Sitting with Joey and Charlie in the darkened TGI Fridays, I thought about all the things I wished someone had told me about autism, back when two-year old Jack was diagnosed.
I wish someone had told me that yes, he would start to talk, he would begin with one-syllable words that transformed into halting sentences. And yes, we would teach him not to bolt out the door like an inmate escaping prison every time someone opened it and eventually he would sleep through the night.
But how the old problems are simply replaced with new ones: instead of he doesn’t play with other kids, we have why won’t he stop asking all the girls in his class how many radios they have. Yes, Jack eats kale, but now he thinks we should eat kale with every single meal.
I wish someone had warned me that when Jack was in second grade, he would lock himself in the bathroom off the kitchen at 4:00 every single day and sit and scream in gastrointestinal agony. How I would go in to try to help, only to discover that in his distress, he had smeared the walls and floor and sink with excrement.
How every day at 4:00 I wanted to open the front door, step outside, walk down our long driveway, and never come back.
But I didn’t. Because over the course of many 4:00 sessions, I came to terms with a lone truth: only I can do this. Only I can be this boy’s mother and ease the stomach cramps and wipe up the mess without shaming him.
And every day since I feel the tiniest bit more confident that I can do it. I am doing it.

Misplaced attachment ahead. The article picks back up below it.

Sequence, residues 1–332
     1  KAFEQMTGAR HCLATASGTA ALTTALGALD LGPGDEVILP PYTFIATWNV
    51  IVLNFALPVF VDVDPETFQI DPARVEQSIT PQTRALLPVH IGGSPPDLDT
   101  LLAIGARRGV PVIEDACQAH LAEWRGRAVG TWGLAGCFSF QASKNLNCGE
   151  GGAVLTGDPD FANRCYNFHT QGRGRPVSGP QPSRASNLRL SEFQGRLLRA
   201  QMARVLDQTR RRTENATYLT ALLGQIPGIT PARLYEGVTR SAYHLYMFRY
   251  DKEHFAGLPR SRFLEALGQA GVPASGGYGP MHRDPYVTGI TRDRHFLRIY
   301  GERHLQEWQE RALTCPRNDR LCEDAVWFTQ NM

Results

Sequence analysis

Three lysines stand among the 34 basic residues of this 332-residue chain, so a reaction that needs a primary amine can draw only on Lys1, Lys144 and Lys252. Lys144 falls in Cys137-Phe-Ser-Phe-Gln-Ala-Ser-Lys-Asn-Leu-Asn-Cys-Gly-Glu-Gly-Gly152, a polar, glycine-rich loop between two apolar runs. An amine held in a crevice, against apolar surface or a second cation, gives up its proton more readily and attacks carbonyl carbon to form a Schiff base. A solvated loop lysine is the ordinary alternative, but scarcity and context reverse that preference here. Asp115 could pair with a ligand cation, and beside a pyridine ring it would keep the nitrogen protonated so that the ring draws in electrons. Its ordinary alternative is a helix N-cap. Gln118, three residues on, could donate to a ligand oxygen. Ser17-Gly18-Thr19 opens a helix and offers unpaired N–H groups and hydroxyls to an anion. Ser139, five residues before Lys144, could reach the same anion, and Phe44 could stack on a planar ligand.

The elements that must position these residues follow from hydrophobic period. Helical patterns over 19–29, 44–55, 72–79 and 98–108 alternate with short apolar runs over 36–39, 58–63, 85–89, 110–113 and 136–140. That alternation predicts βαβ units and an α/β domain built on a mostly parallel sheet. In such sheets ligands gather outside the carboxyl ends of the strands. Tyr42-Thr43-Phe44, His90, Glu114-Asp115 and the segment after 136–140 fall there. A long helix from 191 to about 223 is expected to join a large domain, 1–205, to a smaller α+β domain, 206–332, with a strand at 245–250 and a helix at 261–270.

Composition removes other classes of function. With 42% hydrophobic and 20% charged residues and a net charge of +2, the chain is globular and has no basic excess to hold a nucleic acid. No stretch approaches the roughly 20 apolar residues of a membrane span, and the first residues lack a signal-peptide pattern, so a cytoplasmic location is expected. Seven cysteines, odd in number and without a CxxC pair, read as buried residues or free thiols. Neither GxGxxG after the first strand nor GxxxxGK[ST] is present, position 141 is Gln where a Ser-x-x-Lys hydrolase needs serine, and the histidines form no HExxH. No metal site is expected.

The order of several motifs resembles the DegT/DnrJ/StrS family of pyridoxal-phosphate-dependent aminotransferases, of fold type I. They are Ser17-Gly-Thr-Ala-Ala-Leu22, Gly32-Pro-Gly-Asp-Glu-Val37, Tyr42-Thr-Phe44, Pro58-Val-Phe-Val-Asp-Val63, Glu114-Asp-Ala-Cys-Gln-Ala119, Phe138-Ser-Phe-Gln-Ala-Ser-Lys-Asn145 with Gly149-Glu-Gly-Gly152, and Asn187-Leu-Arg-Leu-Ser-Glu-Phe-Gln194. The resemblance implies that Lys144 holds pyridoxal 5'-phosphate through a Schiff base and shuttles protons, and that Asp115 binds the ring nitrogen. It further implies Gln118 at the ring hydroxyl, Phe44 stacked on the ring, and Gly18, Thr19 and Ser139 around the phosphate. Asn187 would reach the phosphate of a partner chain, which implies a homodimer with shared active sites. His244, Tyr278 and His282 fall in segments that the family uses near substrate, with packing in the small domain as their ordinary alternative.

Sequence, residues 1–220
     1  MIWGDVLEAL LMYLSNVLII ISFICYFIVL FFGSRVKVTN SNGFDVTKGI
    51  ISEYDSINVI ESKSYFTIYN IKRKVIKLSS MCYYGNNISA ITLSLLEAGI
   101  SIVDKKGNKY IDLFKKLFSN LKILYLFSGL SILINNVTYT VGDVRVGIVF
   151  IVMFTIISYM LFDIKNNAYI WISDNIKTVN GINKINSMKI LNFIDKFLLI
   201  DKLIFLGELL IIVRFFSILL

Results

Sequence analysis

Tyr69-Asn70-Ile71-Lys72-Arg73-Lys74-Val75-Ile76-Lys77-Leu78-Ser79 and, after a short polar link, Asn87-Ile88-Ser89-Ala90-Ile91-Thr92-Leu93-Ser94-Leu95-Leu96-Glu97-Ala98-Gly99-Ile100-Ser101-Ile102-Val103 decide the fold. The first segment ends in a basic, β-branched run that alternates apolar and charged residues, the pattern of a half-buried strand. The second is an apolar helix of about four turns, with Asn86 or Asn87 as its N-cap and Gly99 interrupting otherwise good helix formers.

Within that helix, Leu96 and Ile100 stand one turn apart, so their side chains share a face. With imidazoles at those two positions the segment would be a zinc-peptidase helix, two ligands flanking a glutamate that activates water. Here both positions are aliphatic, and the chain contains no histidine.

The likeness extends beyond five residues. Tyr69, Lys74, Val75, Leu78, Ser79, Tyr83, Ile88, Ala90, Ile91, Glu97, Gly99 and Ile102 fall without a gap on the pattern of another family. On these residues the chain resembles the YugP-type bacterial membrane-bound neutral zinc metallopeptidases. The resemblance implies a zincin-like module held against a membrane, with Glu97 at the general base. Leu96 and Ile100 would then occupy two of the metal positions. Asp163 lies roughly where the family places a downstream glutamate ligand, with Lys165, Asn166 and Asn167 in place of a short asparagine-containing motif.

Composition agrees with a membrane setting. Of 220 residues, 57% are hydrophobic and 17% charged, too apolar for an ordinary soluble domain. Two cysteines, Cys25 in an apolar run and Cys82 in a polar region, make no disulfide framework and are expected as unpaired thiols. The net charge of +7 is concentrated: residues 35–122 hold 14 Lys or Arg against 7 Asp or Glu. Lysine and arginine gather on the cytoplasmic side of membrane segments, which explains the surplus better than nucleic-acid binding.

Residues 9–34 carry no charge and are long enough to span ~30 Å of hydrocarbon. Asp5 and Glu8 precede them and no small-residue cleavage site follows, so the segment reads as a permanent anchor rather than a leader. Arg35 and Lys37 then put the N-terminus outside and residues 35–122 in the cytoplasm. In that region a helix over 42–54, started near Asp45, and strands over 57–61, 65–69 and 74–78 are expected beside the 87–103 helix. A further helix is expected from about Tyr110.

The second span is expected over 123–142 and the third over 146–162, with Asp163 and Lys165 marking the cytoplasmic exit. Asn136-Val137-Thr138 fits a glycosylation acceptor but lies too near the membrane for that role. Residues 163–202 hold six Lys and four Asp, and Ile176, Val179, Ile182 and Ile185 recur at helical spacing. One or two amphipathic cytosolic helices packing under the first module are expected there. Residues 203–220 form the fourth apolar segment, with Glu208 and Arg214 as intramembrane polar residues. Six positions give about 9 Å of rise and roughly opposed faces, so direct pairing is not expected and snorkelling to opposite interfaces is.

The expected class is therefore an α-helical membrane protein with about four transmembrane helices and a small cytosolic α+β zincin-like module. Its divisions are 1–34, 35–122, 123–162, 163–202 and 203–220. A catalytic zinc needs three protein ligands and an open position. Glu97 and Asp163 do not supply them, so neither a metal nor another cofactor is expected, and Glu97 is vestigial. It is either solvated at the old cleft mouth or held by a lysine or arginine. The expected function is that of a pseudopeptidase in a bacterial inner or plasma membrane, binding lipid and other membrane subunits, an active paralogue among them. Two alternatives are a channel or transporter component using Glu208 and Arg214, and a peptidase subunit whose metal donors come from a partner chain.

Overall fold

And in those moments when I am sure I cannot—when I can’t talk about license plates for one more second and Joe and I are barely speaking and I’ve been up since 4:30 am after waking three times during the night, I pour myself a big cup of coffee and add a ton of vanilla cream and sit at my computer. Then I click onto some of my favorites sites: Autism With a Side of Fries and Five Kids Is a Lot of Kids and Miss Indeedy and a whole bunch of other people.
Without even knowing it, they pick me up and dust me off, and I can laugh to myself about things that didn’t seem the least bit funny at first; poop on the walls and the tantrum in Ruby Tuesdays and anxiety about blue water in the toilet bowl.
I wish someone had told me how over the years, Jack’s special needs label would come to mean nothing more than that he is special. And he needs me.
Some days I feel as though I’m doing little more than putting fires out all around me, brightly lit flames of self-stimulation and weird obsessions and rigidity that threaten to burn the house down. Just when I think I am running out of water, the flames cast a soft glow on a sandy-haired boy, and I see exactly how hard he is trying to stay in my world when he would so much rather be in his. And I put away my watering can.
It would have been nice to hear someone say that one day I would adore every single thing about my Jack-a-boo; his fleeting smile, his one-armed hugs, his robotic voice. His autism.
I wanted to say all of this to the mom in TGI Fridays last summer. I wanted to tell her I know how she feels and it will get better and tantrums are the worst. I wanted to tell her I am rooting for her. I put my napkin down, told Joey and Charlie to stay in their seats and keep eating, and walked over to their table. The little boy was calmer, his small face streaked with tears and ketchup.
But I didn’t say any of it. I didn’t bring up ABA or pretzels without gluten or eye contact or spectrum disorder. I simply stood awkwardly at the end of their table and asked, “How are you?” while three sets of eyes looked up in surprise.
As I pulled into my driveway on Saturday remembering our summer lunch, I decided that’s how I would answer Autism With A Side of Fries’ thought-provoking question. In fact, it’s what I will say from now on to any mother or father or grandmother or sister or uncle who tells me someone they love has been diagnosed with Autism Spectrum Disorder.
How are you?
It even fits in that teeny Facebook comment box.